We'll work in backwards chronological order and start with the bottom of the 9th, which saw a 3-2 A's lead turn into a 4-3 loss. One reason I like to watch games instead of relying on box score data is that not all hits, runs, processes, and outcomes are alike. I am here to tell you that having watched the bottom of the 9th, it is stunning how bad the three pitches were that Street threw to Rios (single), Barajas (double), and Mench (single). The first was a fastball, center cut, with just nothing on it. The last two were hanging sliders that would be hard to miss. On a night when the A's collectively, and Huston Street individually, desperately needed to show some success, Street just looked overmatched for the task. I have no explanations, just observations - and the A's have themselves a real dilemma here.
In the top of the 8th, with Oakland leading 3-2, Carlos Gonzalez' fourth hit loaded the bases with nobody out and Emil Brown pinch ran for Frank Thomas at second base. Ellis followed with a soft line drive to the SS hole that seemed to hang forever, in slow motion, before John McDonald made a fine diving catch. The rule of thumb, if you've ever played Little League baseball, is "live drive, go back to the bag" until you see it go through to the outfield. As slowly as the play unfolded, you wonder how on God's green earth Emil Brown could manage to get doubled off of second base. There's a reason he is so villified on AN - the season is now bookended with tough losses on blown saves by Street, preceded by ridiculous baserunning blunders from Emil Brown.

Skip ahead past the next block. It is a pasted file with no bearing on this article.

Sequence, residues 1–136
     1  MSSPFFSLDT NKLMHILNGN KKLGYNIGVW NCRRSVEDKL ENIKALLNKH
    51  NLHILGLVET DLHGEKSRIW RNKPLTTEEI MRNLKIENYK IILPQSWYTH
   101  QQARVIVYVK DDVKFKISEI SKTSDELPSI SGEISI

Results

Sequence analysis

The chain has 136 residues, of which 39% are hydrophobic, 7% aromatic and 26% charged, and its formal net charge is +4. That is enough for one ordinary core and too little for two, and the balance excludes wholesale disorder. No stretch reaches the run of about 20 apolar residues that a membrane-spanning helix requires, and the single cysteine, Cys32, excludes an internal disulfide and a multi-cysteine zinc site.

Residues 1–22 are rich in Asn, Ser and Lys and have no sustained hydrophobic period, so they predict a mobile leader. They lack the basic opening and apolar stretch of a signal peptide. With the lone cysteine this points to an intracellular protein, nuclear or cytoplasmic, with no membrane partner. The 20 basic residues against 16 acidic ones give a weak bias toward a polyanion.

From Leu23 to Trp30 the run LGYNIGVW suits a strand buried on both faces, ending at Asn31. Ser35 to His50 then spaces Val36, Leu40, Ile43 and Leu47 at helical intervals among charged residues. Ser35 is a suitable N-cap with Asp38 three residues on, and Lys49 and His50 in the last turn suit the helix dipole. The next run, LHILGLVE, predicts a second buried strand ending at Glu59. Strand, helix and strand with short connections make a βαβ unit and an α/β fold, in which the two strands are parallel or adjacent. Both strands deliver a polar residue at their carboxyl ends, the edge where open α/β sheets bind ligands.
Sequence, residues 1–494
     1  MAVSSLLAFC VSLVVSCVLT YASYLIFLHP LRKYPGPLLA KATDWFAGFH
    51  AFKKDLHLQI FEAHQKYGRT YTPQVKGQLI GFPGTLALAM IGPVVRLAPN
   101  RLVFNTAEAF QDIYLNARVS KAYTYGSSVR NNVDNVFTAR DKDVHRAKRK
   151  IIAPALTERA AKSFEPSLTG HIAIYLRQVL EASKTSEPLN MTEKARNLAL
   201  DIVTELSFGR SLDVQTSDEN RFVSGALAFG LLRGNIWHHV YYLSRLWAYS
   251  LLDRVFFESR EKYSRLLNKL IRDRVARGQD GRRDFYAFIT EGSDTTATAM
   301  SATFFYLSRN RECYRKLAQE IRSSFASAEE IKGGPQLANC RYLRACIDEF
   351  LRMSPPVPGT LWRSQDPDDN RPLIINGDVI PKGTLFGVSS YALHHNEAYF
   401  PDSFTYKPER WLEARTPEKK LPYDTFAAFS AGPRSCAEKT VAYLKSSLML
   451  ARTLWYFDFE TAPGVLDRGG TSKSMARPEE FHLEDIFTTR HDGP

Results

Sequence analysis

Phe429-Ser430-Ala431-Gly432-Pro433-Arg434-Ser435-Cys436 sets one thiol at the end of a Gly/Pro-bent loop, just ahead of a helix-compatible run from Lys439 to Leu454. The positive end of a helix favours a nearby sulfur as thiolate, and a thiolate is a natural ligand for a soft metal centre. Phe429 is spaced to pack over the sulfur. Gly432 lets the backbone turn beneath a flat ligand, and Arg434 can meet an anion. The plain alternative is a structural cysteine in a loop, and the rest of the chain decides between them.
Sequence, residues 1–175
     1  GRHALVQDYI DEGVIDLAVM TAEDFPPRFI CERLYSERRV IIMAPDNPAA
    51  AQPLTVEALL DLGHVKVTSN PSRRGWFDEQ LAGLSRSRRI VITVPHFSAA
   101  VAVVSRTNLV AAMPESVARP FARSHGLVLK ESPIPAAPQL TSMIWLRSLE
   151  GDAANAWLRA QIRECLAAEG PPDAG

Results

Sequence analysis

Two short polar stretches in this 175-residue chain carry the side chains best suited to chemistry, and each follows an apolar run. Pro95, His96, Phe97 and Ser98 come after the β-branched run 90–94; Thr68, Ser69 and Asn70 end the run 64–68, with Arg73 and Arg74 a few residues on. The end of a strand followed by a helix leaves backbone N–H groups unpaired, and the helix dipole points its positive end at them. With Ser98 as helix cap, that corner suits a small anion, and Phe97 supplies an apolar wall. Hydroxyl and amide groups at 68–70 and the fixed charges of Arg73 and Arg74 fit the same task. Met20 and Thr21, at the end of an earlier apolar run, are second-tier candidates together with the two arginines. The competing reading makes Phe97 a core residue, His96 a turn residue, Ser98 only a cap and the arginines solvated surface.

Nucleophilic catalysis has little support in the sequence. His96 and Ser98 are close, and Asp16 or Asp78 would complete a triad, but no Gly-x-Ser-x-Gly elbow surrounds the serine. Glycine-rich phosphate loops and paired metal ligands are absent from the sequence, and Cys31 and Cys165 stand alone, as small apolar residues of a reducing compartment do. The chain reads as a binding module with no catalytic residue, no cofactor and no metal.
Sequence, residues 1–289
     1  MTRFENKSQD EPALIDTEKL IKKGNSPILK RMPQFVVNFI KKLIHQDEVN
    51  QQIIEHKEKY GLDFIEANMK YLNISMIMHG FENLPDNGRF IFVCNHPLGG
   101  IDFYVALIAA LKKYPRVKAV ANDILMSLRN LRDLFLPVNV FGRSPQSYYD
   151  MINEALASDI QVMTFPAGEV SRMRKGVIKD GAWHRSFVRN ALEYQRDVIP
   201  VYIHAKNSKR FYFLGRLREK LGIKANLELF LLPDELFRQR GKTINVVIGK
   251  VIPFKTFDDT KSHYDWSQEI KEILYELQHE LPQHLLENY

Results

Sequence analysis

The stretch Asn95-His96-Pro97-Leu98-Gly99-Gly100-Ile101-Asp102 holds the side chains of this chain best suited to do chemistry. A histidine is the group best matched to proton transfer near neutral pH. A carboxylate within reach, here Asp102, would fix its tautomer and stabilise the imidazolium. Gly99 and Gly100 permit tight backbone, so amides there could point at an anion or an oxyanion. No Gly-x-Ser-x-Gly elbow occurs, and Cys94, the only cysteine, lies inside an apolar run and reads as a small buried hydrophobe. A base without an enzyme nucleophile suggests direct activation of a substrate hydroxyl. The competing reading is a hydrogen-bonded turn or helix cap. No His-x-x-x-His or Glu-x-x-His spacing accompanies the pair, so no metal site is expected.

And so it goes. Many positives, from Carlos Gonzalez' four hit game to Ryan Sweeney's three hit game, from Greg Smith's outstanding 6 innings of work to Brad Ziegler's continuingly-historical 2 innings of work, wasted in an eighth consecutive exercise in futility. And the A's brass left scratching their heads pondering why Street suddenly can't do anything right, and wondering whether the A's will ever win a baseball game again.